Zimbabwe: still waving and drowning – By Richard Dowden
I may have been wrong about the end of President Robert Mugabe. I assumed that nothing in Zimbabwe would change until he was carried feet first out of office. In one way that is correct. He will not retire. He will try to retain the title of President of Zimbabwe until he dies. He told a recent visitor that work keeps him young and went on to say what a wonderful woman Mrs Thatcher was. Sadly, he said, she died young because she gave up office and stopped work.
He really did try to befriend Mrs Thatcher but he is not going to make the same mistake. Yet he does seem to be stepping away from the day-to-day running of Zimbabwe to exploit his new position as Chairperson of African Union, the President of Presidents. He is also chair of the Southern Africa Development Community. These give him a continent-wide platform to attack whoever he pleases, but will he release his grip on the politics of Zimbabwe?
Although largely ceremonial, the AU position will give him the ovations and cheers he will receive from his fellow presidents at big televised public events. The presidents will follow the African tradition for respect for the elderly. And of course they still have to celebrate the anti-colonial struggle. However, they will not be endorsing or following Mugabe’s policies. If investors are wise they will ignore this theatre.
Sensing Mugabe’s withdrawal from the day-to-day management of the country, the succession rivals have started to try to wipe each other out. When Mugabe’s wife, Grace, looked as though she was the next in line, the two vice presidents, Emerson Mnangagwa and Joice Mujuru, teamed up and pushed her aside. Mnangagwa then turned on Joice. That rivalry has probably already claimed her husband’s life. Solomon Mujuru died in 2011 in a mysterious fire in his home near Harare. She has now been denounced as plotting to overthrow Mugabe and stripped of all her titles. But of all Zimbabwe’s senior ZANU politicians she is regarded as being by far the most publicly popular.
So what are Mnangagwa’s plans? He says that he has a mandate from the President – or “˜Number One’ as he is known to his ministers – to revive the economy by any means. The country is bankrupt and all major transactions are in US dollars or South African Rand. The Marange diamond mine – one of the richest finds in southern Africa – has been excavated by the army. But only the generals and foreign diamond dealers have got rich. There has been almost no money for health or education for ordinary Zimbabweans. And now huge investment at the mine is needed to continue production at a deeper level.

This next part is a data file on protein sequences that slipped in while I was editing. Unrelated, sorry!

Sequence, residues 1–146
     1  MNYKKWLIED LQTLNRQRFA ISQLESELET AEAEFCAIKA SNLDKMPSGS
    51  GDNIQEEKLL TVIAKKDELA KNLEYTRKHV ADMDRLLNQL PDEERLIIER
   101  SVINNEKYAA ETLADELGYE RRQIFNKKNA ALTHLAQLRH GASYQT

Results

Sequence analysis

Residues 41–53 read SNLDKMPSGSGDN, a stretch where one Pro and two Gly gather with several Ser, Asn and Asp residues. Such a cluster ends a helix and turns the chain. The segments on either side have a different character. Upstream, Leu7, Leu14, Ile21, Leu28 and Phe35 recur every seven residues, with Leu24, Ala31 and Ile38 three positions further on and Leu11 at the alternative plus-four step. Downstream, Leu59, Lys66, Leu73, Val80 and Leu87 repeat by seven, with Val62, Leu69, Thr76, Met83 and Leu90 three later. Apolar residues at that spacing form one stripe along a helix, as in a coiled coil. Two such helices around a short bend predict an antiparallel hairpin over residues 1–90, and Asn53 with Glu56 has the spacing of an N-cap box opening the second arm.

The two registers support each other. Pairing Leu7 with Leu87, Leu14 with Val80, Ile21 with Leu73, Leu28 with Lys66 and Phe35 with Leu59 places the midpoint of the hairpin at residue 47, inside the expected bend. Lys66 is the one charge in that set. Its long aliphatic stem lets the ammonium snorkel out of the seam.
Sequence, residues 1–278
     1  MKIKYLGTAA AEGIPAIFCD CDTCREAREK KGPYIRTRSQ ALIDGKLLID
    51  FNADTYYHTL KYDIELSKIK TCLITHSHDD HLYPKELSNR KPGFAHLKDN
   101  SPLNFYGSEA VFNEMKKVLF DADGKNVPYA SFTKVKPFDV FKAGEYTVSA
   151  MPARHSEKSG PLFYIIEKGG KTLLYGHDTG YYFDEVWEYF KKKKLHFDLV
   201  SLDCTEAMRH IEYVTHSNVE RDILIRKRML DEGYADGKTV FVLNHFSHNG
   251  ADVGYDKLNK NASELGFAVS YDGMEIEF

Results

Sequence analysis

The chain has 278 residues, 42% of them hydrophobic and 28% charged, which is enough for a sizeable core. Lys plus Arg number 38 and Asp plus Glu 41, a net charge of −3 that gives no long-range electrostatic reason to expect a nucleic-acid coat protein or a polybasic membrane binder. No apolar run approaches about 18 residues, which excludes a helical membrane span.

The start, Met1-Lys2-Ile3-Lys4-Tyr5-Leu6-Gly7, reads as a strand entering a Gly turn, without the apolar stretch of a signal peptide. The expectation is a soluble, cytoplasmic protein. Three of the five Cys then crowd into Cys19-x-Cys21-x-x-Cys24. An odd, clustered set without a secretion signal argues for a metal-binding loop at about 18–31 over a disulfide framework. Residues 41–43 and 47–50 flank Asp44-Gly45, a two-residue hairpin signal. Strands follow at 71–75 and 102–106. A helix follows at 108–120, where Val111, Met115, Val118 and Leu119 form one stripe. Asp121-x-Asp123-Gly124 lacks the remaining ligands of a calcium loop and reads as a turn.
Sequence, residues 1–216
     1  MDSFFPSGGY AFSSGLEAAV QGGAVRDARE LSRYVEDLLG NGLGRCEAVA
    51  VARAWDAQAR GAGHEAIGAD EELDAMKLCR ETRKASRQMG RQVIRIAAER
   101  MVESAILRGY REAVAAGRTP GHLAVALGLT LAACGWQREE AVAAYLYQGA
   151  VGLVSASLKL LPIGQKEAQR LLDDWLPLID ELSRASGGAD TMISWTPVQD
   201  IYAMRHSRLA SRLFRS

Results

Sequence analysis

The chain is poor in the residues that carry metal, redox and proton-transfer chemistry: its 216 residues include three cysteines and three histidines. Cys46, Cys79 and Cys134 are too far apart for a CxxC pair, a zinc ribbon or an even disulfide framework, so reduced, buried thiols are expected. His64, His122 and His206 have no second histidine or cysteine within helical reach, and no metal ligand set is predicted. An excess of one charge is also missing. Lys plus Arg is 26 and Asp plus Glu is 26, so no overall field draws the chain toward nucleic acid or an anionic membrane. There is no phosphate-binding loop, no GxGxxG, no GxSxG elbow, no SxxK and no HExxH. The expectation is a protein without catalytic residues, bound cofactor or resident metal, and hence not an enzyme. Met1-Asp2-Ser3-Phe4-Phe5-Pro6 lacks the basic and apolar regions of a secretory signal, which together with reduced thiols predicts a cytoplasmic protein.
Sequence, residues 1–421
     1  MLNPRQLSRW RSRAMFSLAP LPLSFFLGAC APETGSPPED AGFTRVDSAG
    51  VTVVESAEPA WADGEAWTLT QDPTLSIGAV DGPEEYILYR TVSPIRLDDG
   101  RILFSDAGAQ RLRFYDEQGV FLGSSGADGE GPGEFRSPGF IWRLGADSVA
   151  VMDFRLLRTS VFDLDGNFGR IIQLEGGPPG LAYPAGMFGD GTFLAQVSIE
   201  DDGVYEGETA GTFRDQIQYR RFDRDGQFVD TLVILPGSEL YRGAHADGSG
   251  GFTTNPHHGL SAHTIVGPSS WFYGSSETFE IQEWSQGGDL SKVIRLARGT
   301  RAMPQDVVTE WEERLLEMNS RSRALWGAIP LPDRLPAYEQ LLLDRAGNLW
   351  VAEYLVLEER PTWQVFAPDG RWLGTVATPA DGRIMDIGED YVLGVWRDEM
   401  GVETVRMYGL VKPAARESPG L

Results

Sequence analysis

Zimbabwe remains a relatively developed country with an effective national infrastructure. It has a power supply that still works, roads that get repaired and a civil service that can deliver even though it has been badly weakened by the politicians. In literacy it ranks higher than 27 other African countries in the Human Development Index including Kenya and Cote d’Ivoire and has some of the highest ratings of all the least developed countries. Although millions of Zimbabweans have voted with their feet and left the country, Zimbabwe could easily bounce back if it was better led.
Mugabe’s AU job will only last for a year so he may well try to return to the day-to-day running of Zimbabwe when he has to step down. Mnangagwa may try to block him or at least position himself as the only successor. The Crocodile, as he is known, says he wants to revive the economy and is holding out a hand to investors. But with much of Zimbabwe’s agricultural processing and manufacturing capacity destroyed, there is no alternative to basic agriculture at the moment. Agricultural production is running at 40% of the level it was in 2000 before the white farmers were expelled and their land expropriated. The Vice President recently admitted that the land reform programme had failed and was even talking about reversing some of the land policies and reviving commercial farming.
Mugabe himself has admitted that “mistakes were made” over the land question and there are hints from those around him that the white former farmers could be invited back. Mnangagwa and other ministers are desperately trying to get Zimbabwe’s debt rescheduled but estimates of what it actually is vary between $7 billion and $11 billion. These will be tough negotiations. Why should the world be kind to a country whose wounds are self-inflicted? The European Union is taking the lead on this but – erratic as ever – Mugabe announced at his recent birthday party that the remaining white farmers should be kicked out. This contradicts Mnangagwa’s new message and would scupper any attempt to get the European Union to help with Zimbabwe’s debt or encourage investment. But if this indeed is the moment when Mugabe is losing his grip on the country, the turnaround might begin.
Richard Dowden is Director of the Royal African Society.